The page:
Like the concept, the 2.0-liter boxer engine still makes the same 197 horsepower and 151 pound-feet of torque. However, the drivetrain isn't entirely untouched thanks to a new air filter, engine oil cooler, a reinforced clutch, lightweight flywheel, and mechanical limited-slip differential from TRD. The six-speed transmission is also tweaked, with different gearing in first and second and an altered final drive ratio.
To keep things planted the suspension gets a new coilovers, a V-shaped tower brace in the front and another in the rear. Improved deceleration comes thanks to upgraded brakes. There also are even more goodies on the outside, including a complete body kit that includes a carbon-fiber roof and massive rear spoiler. The stock wheels are replaced with 18-inch forged magnesium units, as well.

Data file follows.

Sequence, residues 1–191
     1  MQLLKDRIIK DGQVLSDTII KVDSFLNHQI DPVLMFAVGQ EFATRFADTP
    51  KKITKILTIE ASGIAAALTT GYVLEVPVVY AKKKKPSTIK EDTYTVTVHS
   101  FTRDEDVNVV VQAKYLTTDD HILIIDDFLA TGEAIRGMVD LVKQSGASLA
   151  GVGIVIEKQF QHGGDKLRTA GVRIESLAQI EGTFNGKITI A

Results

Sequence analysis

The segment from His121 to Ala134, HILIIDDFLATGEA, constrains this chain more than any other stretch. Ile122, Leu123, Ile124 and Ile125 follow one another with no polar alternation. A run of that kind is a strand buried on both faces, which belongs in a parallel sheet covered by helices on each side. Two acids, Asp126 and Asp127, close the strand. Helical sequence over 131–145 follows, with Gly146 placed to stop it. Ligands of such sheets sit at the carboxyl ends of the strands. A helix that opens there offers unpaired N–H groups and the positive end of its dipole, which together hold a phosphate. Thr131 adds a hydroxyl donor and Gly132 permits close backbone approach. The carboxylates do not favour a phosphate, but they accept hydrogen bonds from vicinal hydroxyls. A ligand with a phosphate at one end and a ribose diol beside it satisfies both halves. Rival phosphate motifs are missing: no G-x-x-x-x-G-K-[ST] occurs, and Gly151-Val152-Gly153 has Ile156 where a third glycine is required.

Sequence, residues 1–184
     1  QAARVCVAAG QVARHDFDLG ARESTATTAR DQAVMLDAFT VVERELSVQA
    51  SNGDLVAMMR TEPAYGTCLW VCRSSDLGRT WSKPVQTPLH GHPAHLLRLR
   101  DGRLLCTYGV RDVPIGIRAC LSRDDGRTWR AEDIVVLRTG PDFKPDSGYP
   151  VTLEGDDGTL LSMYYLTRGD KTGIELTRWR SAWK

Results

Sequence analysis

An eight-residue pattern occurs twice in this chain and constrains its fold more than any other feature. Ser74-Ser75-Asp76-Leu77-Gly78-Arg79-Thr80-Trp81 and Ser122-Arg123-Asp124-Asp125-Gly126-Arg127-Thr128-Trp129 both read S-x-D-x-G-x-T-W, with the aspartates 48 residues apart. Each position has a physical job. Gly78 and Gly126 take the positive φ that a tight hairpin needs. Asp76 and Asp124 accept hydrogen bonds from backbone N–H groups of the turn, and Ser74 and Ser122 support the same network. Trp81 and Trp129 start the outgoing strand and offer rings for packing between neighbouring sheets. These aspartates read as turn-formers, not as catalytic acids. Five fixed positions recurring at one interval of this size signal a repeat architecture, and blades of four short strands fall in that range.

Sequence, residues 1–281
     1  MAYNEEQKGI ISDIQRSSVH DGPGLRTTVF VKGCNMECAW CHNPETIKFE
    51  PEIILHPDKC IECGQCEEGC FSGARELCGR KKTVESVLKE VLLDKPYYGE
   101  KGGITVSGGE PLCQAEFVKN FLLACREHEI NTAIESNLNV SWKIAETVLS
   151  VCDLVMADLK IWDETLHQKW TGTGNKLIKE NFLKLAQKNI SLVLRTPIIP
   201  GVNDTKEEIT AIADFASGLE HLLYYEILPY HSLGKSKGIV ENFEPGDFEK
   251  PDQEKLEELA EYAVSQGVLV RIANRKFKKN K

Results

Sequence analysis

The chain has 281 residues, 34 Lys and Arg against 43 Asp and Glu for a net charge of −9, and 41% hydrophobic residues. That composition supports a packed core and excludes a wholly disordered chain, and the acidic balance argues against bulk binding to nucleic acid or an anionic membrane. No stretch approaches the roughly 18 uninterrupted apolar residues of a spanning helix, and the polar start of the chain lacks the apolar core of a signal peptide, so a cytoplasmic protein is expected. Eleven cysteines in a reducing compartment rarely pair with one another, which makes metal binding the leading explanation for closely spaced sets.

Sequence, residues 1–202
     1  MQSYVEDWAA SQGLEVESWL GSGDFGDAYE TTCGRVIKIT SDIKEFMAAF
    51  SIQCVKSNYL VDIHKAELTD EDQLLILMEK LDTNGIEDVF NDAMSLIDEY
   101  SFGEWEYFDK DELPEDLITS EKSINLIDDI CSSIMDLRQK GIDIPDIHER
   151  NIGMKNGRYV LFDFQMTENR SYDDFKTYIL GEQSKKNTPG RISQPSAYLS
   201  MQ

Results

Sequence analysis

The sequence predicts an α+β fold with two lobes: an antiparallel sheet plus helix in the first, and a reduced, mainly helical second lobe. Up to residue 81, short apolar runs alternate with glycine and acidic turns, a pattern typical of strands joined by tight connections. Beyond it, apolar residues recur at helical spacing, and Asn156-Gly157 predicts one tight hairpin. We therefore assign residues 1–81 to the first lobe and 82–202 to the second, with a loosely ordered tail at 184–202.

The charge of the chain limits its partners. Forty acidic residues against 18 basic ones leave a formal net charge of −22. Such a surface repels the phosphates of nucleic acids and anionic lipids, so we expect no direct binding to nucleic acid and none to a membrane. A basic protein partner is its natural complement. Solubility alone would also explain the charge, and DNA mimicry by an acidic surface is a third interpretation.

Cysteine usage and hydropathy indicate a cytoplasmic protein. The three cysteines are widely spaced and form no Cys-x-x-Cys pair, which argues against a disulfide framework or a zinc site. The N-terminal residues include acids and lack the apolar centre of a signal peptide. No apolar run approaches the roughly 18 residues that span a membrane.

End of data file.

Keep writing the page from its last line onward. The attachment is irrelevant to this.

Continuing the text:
Inside, buyers get a pair of TRD-branded race seats with four-point harnesses and some Alcantara trim. But don't expect to drive with many friends, because the rear seats are completely gone.
So what does it cost to do all of this to a GT86? Well, it's not cheap. The limited edition of 100 cars sell for 6,300,000 yen each – about $58,409 at current exchange rates. That's a massive increase over the 3,071,717 yen ($28,500) Toyota Japan asks for a GT86 Limited with manual transmission.
It's also unclear what all of these tweaks do to the GT86's weight, because on its webpage for the model Toyota still lists it at the stock 2,712 pounds (1,230 kilograms). You can check out the JDM site for the 14R-60 here, though it's all in Japanese, or click through the gallery of some of the parts the 14R-60 comes with.